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If this was a normal year, in my normal life, I almost certainly would have been on a plane this week, ushering in summer the best way I know how: with my small carry-on in an overhead compartment and  a season full of adventure, friends, and discovery ahead of me. Last year at this time, I was on the east coast; the year before, I went to Spain for the first time.


This year, instead, I’ve been feeling nostalgic, staying close to home and with only a select few people around. It’s easy to feel sad about the ways in which things have changed; it’s understandable to be frustrated at everyone who is flaunting the idea of masks, treating that as an infringement on personal liberty rather than an obligation to one another.


Yet in the midst of longing for the ways that things once were, I remembered something a teenager recently said to me: to wish for the way things were means to ignore everything important that’s happening now. It’s to wish for a time of unawareness, of sticking our heads in the sand and ignoring that which isn’t right in our world.


She was, in particular, talking about the Black Lives Matter movement, which has gained steam in the last several weeks for a number of reasons. It has been theorized that one of those reasons is that people were at home, sheltering in place, and could not ignore George Floyd’s death.


In looking plainly at a man who was murdered  by people in power and in a society that devalued his life simply because of his race, we have to also face the fact that there are all sorts of reckoning that we need to do. This is not new; only the recordings are recent, and even those have been around for years. We’ve had this information for decades, for longer than that. We are the society that celebrated the lynching of Black men with postcards; we are the country that was built on the backs of Black enslaved people.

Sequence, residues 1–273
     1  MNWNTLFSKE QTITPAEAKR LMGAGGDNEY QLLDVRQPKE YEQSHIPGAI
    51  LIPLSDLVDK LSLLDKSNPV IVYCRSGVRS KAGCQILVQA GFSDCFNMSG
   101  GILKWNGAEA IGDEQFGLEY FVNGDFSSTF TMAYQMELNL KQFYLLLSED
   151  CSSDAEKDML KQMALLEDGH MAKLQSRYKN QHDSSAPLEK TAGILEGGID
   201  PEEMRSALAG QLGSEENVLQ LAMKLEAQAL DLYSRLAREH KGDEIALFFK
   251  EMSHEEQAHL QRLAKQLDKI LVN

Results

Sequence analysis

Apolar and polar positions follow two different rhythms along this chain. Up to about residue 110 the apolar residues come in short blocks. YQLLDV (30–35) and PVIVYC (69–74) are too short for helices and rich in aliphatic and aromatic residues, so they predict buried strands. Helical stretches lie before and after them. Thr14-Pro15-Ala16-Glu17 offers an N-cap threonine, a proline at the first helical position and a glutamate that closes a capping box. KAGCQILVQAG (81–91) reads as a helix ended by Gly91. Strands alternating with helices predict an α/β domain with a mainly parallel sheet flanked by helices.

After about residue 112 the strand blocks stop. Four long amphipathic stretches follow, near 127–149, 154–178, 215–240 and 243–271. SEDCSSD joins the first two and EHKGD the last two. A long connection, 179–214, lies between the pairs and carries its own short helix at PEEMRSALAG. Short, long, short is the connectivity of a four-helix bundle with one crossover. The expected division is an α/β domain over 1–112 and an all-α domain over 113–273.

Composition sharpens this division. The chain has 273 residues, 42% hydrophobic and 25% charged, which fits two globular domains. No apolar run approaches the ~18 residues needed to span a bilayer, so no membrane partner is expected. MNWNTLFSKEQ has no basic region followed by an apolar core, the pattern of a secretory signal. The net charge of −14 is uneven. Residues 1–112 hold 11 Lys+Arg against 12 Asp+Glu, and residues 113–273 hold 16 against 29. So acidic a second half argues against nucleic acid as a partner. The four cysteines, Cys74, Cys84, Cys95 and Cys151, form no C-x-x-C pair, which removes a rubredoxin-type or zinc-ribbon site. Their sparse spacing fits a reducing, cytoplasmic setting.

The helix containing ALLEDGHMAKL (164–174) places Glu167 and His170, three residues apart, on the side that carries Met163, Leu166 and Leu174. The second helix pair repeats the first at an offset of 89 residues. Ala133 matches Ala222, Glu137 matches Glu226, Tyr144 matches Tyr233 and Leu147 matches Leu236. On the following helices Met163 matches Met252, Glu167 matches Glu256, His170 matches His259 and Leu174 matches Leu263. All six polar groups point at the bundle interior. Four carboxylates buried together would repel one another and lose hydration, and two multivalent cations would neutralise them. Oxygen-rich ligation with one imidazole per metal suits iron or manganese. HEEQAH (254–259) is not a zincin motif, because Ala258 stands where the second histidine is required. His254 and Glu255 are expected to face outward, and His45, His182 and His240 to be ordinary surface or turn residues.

We are the country that a year ago, when I was in the nation’s capital, already knew that the names of Eric Garner, Freddie Gray, Sandra Bland, and Tamir Rice. We are the country that two years ago, while I was discovering the wonder of a summer festival outside of Barcelona, already knew the names of Philando Castile, Alton Sterling, Michael Brown, and more. We knew; I knew. And I boarded my planes anyway.


I don’t have the answers on how to change it all, but I’m committed to learning, and to becoming more aware and active. To that end, I recommend Nikole Hannah-Jones’s piece from this past Sunday’s New York Times: and Caroline Randall Williams’s from this morning:


I do hope that there is a time in the not-too-distant future where I can again pack up my trusty little bag and walk through security. But to wish for what we had a year ago, or two years ago, is to also wish away the start of an understanding that I believe is crucial not only for any possibility of the realization of our vision as a country, but also for our humanity. I do not want to go back; I want things to be better than they were.

We know Breonna Taylor’s name. We know Elijah McClain’s. And it’s time for us – beyond time for us – to grow, to do something different, to become something more. Maybe this moment is the one in which we finally take responsibility, make changes, and build actual freedom for us all.

3 comments on “The limits of nostalgia

  1. R.K. says:

    Great piece! I have the wanderlust bug too and was supposed to be back with my in Ireland – had a one-way ticket and all. It wasn’t meant to be, but instead I’ve been writing a lot. Disconnecting from people who don’t share my values. Being alone with my thoughts, which I always ran from. I pray this country can find some sort of peace. Thank you for sharing your work ❤️

    1. Anna says:

      Thank you for sharing that! It’s such a strange time, and I hope that when we emerge from it, we’ve learned more about ourselves and what’s really important to us. I hope in the future, we remember how much we matter to one another. Sending you peace – thank you for reading!

  2. R.K. says:

    **back with my family (apologies for that)

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